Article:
Don't Fall Back

November 7, 2013

Much has changed over this weekend. We turned the clocks back one hour and the temperature dropped to 35 degrees early this week. The New York Marathon was an exciting success. Today it is in the 60s. What a shock! Those colorful leaves are falling rapidly off the trees. And the marathon runners no longer have a training schedule to adhere to. We are exercising less and eating the same amount of food. So what happens? Weight gain. I often meet athletes who complain that they gain weight in the winter. So how do you prevent gaining those winter pounds?

 

Well, if you were cycling or running approximately 15 hours a week and now you exercise half that amount you may have reduced your weekly caloric needs by almost 8,000 calories (assuming you weigh 195 pounds and ride 16-19 mph average speed). That is a reduction of 1143 calories per day.  Now you know why you might gain weight in the winter.

 

So how do you keep from adding those extra pounds?  Here are some helpful hints:

 

  1. Eat less – This seems obvious, but it is not as easy as it seems.  Over the summer when you are riding or running more, you may have found that you can get away with larger portion sizes.  Now that you are exercising less, you should start thinking about portion size.  What is a portion?  A portion of meat (steak, chicken, fish, etc.) is the size of a deck of cards.  That is equivalent to 3 ounces.  A portion of pasta is ½ cup and a portion of rice is 1/3 cup.  Doesn’t sound like much?  To make your meals appear and feel bigger, add more vegetables to your plate.  Make a pasta primavera or stir-fried rice that is generous on the veggies.  It will be colorful, filling and healthy.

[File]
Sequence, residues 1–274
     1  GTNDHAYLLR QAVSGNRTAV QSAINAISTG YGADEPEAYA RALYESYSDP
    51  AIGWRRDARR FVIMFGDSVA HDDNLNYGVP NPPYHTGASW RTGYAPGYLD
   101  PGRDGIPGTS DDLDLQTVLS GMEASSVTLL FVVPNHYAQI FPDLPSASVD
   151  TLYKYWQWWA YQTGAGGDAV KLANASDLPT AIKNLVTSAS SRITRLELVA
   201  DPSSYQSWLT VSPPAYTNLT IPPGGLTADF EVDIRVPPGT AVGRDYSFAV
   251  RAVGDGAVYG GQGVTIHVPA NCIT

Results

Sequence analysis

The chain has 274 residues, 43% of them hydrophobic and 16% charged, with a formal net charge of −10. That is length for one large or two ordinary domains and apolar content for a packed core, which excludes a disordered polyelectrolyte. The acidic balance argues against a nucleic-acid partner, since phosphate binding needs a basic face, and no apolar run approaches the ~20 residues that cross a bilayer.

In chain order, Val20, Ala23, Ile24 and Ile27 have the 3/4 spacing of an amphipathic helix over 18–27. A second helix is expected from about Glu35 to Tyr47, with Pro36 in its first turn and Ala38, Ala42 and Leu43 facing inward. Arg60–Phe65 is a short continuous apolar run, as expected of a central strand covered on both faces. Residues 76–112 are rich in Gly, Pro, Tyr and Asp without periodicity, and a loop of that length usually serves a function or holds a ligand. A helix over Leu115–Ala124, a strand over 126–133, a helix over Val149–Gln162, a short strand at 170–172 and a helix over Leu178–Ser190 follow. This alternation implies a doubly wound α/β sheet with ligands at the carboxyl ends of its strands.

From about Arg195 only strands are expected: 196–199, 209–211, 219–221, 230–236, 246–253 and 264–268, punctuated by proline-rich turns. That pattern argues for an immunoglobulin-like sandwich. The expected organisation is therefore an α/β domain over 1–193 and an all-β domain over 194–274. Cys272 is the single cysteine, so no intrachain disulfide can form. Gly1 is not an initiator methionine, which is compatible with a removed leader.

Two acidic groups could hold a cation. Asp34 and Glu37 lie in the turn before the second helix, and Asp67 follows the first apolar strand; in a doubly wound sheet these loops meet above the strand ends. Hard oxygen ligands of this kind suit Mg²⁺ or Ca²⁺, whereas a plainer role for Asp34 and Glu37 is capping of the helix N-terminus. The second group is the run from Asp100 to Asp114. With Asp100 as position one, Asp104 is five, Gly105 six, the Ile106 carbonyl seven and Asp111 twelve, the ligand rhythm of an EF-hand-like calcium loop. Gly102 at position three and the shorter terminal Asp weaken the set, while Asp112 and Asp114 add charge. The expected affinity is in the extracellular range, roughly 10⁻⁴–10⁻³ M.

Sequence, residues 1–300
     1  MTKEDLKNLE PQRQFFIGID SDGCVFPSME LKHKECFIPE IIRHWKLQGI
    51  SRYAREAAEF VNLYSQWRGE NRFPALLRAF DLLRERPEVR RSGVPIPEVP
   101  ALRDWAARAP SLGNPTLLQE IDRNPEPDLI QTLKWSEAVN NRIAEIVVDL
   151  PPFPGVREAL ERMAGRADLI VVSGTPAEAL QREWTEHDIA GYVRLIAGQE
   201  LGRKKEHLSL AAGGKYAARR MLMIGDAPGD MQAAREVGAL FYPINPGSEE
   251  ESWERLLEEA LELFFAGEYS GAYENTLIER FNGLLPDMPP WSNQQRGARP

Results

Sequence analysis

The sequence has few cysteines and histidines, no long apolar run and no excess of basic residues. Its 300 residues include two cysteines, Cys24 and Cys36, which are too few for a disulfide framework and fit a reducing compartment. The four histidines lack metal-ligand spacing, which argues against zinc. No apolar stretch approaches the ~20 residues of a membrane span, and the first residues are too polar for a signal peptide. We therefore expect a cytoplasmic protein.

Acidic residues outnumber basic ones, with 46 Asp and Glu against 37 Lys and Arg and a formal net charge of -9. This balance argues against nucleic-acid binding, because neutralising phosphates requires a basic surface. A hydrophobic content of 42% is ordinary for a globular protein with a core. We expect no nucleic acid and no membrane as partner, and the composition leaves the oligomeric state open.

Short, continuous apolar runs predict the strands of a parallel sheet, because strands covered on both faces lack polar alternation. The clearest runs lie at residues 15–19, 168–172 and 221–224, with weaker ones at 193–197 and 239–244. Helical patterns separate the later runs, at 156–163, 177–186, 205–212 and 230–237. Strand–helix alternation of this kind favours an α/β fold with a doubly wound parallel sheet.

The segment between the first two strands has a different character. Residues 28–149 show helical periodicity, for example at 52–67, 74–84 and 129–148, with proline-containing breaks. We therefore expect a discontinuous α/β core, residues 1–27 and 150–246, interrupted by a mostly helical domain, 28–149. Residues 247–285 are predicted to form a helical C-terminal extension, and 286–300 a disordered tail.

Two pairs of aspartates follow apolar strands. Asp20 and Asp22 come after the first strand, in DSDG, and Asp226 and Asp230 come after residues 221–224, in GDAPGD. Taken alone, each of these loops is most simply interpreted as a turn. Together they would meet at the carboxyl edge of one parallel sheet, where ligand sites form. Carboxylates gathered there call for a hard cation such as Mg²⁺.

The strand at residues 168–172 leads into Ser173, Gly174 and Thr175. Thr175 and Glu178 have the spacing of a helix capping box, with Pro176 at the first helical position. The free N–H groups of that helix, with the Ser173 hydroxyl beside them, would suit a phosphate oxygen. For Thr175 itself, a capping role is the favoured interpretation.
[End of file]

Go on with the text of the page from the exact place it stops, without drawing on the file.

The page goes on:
2. Watch what you drink #1 – If you are used to drinking Gatorade, Cytomax, Accelerade or some other fluid replacement drink while you exercise, only use it if you are exercising more than 1 ½ hours.  Otherwise, you are adding unnecessary calories to your daily intake.  The exception to this rule is if you are exercising without eating breakfast first.

  3. Watch what you drink #2 – Alcohol adds calories.  You add about 150 calories to your intake if you drink a glass of beer, a full glass of wine or a mixed drink. Not only does it add excess calories, but alcohol increases appetite so you eat more.

  4. Strengthen your bones – Start a weight lifting routine. It will shape your body while improving your bone health.  Weight bearing exercise strengthens bones by stimulating bone formation.  However, the benefits of weight-bearing exercise are site-specific. This means that you strengthen only the bones used directly in the exercise. Therefore, it's a good idea to participate in a variety of weight-bearing exercises. To maintain the bone-building benefits, exercise should be continued on a regular basis. Weight-bearing exercises/activities include baseball, basketball, soccer, tennis, weight-lifting, aerobics, dancing, running and walking. Although swimming is good exercise, it is not a weight-bearing activity.

  5. Get indoors – Less outdoor exercise is not a bad thing.  In fact, this is a great time for cross-training. Go to the health club for spinning classes, weight lifting, Pilates, swimming, boxing, Zumba, or dance the night away. Do a combination of activities: some that get your heart rate up and others that incorporate balance, flexibility, stretching and strength. When spring comes around, you will be ready to ride and run outdoors. 

  6. Get outdoors – Try a new winter sport such as cross-country skiing, snow shoeing or winter hiking. They are high calorie burners and loads of fun!

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